Amid a storm of volatility in Japanese stocks, the Bank of Japan has kept the bond market a pool of serenity.

The Nikkei Volatility Index surged to 48.99 on Aug. 26, the highest since the disasters of March 2011, and was at 31.92 on Tuesday.

Since China’s yuan devaluation last month, a similar gauge measuring fluctuations in Japanese government bond futures has averaged 2.69, below its one-year average of 2.90. Turnover in the JGB market last month dipped below the average over the past year, while Topix index volume surged to the highest in two years.

BOJ Gov. Haruhiko Kuroda passed on an opportunity to enliven the market on Tuesday when he stuck to record stimulus, keeping yields stable as he forecast a slowdown in emerging nations will end. Deutsche Bank AG’s Makoto Yamashita says that means bonds are unlikely to budge until monetary policy can be shifted.

“Even if stocks sold off 20 to 30 percent, the bond market will only care if that actually leads to more easing,” said Yamashita, the chief strategist in Tokyo at the German bank. “If the Bank of Japan drastically reduces its outlook on the economy or inflation we could see more easing, but for now we don’t have evidence that it will happen.”

The central bank kept a pledge to keep increasing the monetary base at an annual pace of ¥80 trillion on Tuesday, as forecast by 33 of 35 economists surveyed by Bloomberg.

Kuroda said following the decision that even though exports and production are flat due to the slowdown in emerging markets, there is no change to the BOJ’s view that the price trend is rising and the economy will gradually recover.

The tranquility in the bond market stands out when compared with its global peers. Since Aug. 11, one-month implied volatility on German bund futures has averaged at 6.14, above the past year’s average of 5.38, data compiled by Bloomberg show. The Bank of America Merrill Lynch’s MOVE Index, derived from over-the-counter options on U.S. Treasuries, has averaged 85.76 during the period, above its one-year rate of 79.71.

Even those moves outside of Japan are subdued when compared with previous bouts of uncertainty, such as the third quarter of 2011, according to Hajime Kitano, a Tokyo-based chief equity strategist at Barclays PLC. The deteriorating outlook then over Europe’s economy is similar to today’s anxiety over a slowdown in China, yet bonds are not moving much, he said.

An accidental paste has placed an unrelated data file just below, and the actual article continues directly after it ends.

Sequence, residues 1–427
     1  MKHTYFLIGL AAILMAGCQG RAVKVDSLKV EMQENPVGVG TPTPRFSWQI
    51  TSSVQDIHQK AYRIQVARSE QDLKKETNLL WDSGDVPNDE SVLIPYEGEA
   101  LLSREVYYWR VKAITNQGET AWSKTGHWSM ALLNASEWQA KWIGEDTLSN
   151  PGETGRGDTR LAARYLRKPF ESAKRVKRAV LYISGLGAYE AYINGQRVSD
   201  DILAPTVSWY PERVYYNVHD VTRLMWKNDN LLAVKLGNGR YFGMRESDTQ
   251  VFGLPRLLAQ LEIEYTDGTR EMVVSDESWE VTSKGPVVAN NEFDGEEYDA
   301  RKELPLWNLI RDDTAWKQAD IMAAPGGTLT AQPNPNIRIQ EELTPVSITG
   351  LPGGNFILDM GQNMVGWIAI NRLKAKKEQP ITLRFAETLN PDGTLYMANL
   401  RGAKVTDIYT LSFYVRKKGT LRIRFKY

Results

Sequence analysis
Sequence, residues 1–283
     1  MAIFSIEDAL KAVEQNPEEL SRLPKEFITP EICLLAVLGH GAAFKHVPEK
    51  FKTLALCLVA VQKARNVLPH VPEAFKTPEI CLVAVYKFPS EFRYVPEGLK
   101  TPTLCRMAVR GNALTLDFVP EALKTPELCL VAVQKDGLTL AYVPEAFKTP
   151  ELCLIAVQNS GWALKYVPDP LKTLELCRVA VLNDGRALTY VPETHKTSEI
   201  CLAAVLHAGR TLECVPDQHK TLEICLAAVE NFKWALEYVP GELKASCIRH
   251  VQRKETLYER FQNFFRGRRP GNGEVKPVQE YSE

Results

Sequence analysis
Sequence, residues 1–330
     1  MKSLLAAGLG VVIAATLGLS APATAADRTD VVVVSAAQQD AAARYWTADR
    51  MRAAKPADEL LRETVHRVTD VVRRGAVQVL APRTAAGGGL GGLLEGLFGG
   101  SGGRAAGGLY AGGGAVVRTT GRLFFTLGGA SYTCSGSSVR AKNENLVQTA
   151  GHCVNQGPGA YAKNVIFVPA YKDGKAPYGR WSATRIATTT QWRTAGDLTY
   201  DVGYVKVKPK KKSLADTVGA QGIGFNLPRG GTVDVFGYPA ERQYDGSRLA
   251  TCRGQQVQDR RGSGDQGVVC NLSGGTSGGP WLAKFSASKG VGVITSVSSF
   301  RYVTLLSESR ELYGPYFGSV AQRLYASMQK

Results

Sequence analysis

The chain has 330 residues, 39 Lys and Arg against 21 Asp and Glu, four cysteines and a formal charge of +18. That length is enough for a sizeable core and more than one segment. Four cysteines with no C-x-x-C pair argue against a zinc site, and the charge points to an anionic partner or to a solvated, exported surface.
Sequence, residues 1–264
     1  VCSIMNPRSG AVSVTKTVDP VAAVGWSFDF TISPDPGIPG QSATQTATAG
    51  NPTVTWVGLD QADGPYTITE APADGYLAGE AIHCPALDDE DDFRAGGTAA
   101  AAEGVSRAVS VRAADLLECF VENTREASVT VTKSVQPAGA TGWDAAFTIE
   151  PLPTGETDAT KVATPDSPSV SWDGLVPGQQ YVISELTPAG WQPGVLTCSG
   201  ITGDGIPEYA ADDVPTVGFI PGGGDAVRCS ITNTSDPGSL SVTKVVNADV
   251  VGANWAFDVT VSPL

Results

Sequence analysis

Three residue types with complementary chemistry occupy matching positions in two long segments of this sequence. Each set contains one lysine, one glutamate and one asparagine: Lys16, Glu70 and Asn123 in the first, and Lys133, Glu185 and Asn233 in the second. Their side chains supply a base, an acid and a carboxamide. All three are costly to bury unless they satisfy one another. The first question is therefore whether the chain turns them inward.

“Back then, yields in the U.S. plunged 1 percent, but today, they’re hardly moving at all,” Kitano said. “The flight-to-quality energy that’s pushing yields lower is battling it out with the potential that interest rates might actually rise. As a result, bonds are going nowhere.”

Even on the off-chance that the Federal Reserve raises U.S. interest rates this week, Japanese bonds are unlikely to budge much for now, Deutsche Bank’s Yamashita said.

“If the U.S. lifts rates we might see a temporary increase in JGB yields, but we won’t see a sustained rise until the BOJ begins to consider tapering,” he said.

Investors exchanged 54.6 billion shares of companies in the Topix in August, the most since September 2013. Turnover of JGBs slumped to ¥662 trillion, below the one-year average of ¥668 trillion, according to the Japan Securities Dealers Association.

Traders of corporate debt are taking cues from the JGB market, with the Bank of America Merrill Lynch Japan Corporate Index at 137.83, just 0.1 percent higher than Aug. 10, the day before China devalued the yuan. Turnover in company bonds slumped to the lowest since 1999 with just ¥1.4 trillion worth of such securities exchanging hands last month, according to the JSDA. Over the past year, it has averaged ¥2.1 trillion a month.

The gap was also visible in Japanese options markets. Turnover in options on JGB futures totaled 81,196 in August, below the one-year average of 107,928, according to the Tokyo’s bourse data. Volume of options on Nikkei 225 Stock Average futures surged to 4.5 million last month, above the 3.5 million average for the past year.

For Resona Bank Ltd.’s Tokyo-based chief market strategist, Koichi Kurose, the disappearance of volatility in Japanese debt is an indication that the BOJ’s stimulus, which is driving it to buy almost every newly issued government bond, is beginning to erode the market’s core function of setting prices.

“Whether it’s stock prices, bond yields or currency rates, the market’s primary role is finding the price,” Kurose said. “But similar to what’s happened with the yen, which tumbled from ¥110 to ¥120 per dollar after the BOJ eased last year, it seems bonds won’t budge much” until the central bank makes a move, he said.

In a time of both misinformation and too much information, quality journalism is more crucial than ever.
By subscribing, you can help us get the story right.